Latin American and Latino artists have used photography to engage with modern media landscapes and critique globalized economies since the 1960s. But rarely are these artists considered leaders in discussions about the theory and scholarship of photography or included in conversations about the radical transformations of photography in the digital era.
The Matter of Photography in the Americas presents the work of more than eighty artists working in Mexico, the Caribbean, Central America, South America, and Latino communities in the United States who all have played key roles in transforming the medium and critiquing its uses. Artists like Alfredo Jaar, Oscar Mu oz, Ana Mendieta, and Teresa Margolles highlight photography's ability to move beyond the impulse simply to document the world at large. Instead, their work questions the relationship between representation and visibility.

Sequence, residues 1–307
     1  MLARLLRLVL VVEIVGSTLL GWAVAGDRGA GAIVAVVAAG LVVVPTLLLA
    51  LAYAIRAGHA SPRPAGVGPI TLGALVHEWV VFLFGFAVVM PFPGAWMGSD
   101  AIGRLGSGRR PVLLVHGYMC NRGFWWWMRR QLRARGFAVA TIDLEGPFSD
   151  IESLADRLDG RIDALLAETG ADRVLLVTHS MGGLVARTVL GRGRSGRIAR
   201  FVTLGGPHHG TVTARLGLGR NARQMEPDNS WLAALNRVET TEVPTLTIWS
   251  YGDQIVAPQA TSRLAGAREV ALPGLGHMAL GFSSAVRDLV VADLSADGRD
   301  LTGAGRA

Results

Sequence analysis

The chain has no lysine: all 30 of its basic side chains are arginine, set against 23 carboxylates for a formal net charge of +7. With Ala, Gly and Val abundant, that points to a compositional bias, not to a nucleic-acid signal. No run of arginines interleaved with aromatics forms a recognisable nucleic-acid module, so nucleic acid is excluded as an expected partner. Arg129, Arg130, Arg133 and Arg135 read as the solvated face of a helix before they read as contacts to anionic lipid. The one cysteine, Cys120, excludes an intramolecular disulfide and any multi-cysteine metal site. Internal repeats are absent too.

With nearly 200 full-color images, this book brings together drawings, prints, installations, photocopies, and three-dimensional objects in an investigation and critique of the development and artistic function of photography. Essays on key works and artists shed new light on the ways photographs are made and consumed. Pressing at the boundaries of what defines culturally specific, photography-centric artwork, this book looks at how artists from across the Americas work with and through photography as a critical tool.